Where is fertility specialist Dr. Donald Cline Now? What happened to him? Let’s find out more information about him. The tragic story of Dr. Donald Cline, a disgraced fertility doctor and once-respected expert in the area, is the latest documentary to hit the global streaming platform.
Dr. Cline used his own sperm, not that of their donors, to artificially inseminate his female patients in the early 1980s, without their permission or knowledge. The scope of his actions and their consequences were not discovered until 2014, and they are still being discovered.
Not only did it cause the children to question their identity, but it also shattered the faith that the fertility doctor’s patients had in him and raised an important ethical challenge.
Netflix’s Our Father follows several of his “children,” who have discovered they are half-siblings, as they reminisce about the day they realised Cline was their father and what they did next to reveal the truth.
They could not have predicted the darkness and depths of their experience, though. Spiky TV offers all the information you need on Dr. Donald Cline and his current location.
Must Read: Where Is Reporter Angela Ganote Now?
Who is Dr. Donald Cline and How Many Children did Cline father?
Dr. Donald AKA Don Cline, a Zionsville citizen, was a well-known figure in Indianapolis throughout the 1970s and 1980s. He interned at Methodist Hospital after receiving his undergraduate degree and then his M.D. from Indiana University. He also served two years in the United States Air Force and another 12 years in the inactive reserve before receiving an honourable discharge.
Cline launched his fertility clinic in the late 1970s, which proved to be a blessing for countless infertile couples. For his expertise, he was featured in various papers and journals. From 1971 through 1981, Cline had a high success rate in assisting women in becoming pregnant using artificial insemination, a relatively new medical method at the time. His sperm donors, according to the doctor, were medical residents, and he only utilised each one for three healthy pregnancies.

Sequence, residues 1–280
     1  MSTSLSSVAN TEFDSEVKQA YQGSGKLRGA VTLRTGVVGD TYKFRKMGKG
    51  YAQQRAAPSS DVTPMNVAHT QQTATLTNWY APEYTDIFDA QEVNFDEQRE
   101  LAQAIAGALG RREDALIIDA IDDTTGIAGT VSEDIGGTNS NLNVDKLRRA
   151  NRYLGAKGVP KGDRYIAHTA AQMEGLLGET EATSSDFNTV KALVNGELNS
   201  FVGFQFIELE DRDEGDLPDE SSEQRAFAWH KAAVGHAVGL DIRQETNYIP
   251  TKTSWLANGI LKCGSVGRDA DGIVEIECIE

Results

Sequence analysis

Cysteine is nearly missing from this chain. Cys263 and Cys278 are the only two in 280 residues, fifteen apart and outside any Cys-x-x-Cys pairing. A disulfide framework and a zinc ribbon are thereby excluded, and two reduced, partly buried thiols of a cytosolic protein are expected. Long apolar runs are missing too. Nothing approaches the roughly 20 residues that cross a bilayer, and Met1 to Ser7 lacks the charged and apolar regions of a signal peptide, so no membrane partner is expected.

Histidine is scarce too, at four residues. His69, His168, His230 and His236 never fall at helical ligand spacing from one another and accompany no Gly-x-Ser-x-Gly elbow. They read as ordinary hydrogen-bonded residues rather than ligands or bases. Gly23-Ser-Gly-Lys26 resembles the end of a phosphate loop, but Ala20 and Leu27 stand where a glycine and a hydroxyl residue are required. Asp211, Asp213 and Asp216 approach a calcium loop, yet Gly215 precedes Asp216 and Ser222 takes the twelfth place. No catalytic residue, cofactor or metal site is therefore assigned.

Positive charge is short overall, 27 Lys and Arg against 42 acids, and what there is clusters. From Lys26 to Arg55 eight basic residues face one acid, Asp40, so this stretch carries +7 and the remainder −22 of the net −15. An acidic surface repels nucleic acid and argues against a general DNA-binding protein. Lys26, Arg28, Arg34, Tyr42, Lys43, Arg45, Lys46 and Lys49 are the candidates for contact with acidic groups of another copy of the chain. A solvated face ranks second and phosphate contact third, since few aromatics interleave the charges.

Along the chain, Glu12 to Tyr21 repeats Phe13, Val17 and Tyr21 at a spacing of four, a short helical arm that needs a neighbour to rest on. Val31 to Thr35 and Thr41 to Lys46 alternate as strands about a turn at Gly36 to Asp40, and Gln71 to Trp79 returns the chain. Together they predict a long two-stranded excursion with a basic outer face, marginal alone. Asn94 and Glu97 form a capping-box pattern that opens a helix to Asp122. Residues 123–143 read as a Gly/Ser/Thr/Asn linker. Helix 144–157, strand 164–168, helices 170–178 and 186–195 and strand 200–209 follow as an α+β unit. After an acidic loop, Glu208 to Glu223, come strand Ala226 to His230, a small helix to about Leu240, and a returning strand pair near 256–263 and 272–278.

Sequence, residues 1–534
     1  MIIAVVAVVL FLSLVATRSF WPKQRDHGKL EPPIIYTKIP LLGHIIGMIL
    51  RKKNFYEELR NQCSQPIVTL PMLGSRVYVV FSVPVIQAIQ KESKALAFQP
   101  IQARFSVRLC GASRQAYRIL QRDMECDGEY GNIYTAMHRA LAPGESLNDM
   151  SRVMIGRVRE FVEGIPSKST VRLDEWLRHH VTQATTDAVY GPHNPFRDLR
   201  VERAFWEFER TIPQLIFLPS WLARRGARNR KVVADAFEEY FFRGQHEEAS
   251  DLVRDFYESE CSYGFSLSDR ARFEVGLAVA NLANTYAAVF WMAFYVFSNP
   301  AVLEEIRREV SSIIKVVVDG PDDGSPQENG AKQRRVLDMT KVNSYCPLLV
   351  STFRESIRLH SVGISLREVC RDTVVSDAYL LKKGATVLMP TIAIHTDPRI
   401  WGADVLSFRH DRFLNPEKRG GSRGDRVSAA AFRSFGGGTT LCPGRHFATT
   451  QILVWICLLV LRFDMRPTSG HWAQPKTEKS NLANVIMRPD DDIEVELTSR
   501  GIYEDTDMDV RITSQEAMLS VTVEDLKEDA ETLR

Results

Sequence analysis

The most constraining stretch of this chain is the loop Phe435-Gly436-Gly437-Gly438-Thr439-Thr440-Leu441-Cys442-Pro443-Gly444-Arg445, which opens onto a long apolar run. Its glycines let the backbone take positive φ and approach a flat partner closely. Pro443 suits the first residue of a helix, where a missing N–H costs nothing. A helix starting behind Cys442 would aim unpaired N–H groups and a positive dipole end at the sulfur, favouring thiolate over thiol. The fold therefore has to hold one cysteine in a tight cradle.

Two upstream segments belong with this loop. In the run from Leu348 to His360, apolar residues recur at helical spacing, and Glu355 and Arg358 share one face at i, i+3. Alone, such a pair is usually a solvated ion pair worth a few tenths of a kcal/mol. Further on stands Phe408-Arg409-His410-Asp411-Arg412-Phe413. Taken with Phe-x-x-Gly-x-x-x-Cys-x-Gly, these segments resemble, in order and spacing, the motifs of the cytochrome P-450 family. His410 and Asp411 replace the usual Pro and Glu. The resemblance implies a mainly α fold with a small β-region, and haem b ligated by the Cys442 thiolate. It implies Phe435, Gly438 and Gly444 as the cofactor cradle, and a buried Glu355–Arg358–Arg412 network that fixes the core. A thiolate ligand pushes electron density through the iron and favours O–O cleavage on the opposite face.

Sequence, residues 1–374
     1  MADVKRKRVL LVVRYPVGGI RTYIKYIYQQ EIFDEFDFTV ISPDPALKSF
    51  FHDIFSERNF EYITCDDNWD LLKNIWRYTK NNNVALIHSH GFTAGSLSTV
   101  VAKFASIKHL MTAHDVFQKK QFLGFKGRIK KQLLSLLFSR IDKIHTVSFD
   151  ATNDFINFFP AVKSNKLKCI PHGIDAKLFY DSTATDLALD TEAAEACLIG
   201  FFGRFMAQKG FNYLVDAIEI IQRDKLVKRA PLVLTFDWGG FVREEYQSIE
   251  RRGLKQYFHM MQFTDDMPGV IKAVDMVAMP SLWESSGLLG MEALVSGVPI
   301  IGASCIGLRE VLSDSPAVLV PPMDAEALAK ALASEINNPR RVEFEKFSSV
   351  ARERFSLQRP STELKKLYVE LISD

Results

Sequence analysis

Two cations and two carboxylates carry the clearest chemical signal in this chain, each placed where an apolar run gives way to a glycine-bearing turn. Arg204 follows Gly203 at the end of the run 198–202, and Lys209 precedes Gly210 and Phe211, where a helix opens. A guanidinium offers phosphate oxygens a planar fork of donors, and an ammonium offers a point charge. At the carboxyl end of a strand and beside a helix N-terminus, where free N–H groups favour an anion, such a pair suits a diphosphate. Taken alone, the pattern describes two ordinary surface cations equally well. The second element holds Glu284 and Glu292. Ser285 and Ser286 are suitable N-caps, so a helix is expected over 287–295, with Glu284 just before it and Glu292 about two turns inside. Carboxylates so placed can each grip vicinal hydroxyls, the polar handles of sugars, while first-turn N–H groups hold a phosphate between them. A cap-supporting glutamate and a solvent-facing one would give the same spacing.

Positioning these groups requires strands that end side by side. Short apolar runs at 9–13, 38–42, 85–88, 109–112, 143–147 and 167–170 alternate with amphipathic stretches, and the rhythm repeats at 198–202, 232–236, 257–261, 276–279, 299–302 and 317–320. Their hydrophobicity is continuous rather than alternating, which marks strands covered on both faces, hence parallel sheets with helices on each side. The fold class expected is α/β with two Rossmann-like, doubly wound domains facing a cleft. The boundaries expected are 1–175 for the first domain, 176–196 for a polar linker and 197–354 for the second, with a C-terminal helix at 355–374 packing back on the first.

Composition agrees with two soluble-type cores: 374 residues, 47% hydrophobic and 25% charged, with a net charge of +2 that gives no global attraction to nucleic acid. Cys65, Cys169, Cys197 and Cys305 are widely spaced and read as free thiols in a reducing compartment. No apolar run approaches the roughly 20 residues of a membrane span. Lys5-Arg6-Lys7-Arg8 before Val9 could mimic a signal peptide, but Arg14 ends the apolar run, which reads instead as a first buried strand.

Cline claimed to have utilised fresh sperm for the patients, but by the 1980s, he had switched to frozen samples from Follas Laboratories in Indianapolis. Things took a startling turn in 2014, when Jacoba Ballard, then 34, determined to learn more about her ancestors.
Ballard visited a genomics and biotech website that helps people learn more about their ancestors and find long-lost relatives. She knew she was conceived by a sperm donor since she was ten years old and wanted to learn more about her biological father. Ballard was surprised to learn that she had seven more half-siblings born over a seven-year period, all of whom shared the same father.
Her mother then revealed that she sought aid from Cline’s clinic in 1979 and was able to conceive successfully. Ballard gradually went out to the other half-siblings she’d uncovered, and they all had one thing in common: their moms had all gone to Cline for treatment and had used donor insemination. Ballard and her half-sister Kristy Killion filed a report with the Indiana Attorney General’s office, outraged by the revelation. The office and a Marion County grand jury both examined both ladies.
Meanwhile, another of Cline’s children questioned his conduct in a letter. “We used fresh samples collected around one hour before the insemination,” he replied back, denying her accusations. I matched the donor’s blood type and overall physical traits to those of my patient’s husband. I nearly always used resident physicians, and the majority of them were married with children.
Furthermore, there was no history of any illnesses in their family. I couldn’t possible recall anything else after all these years.”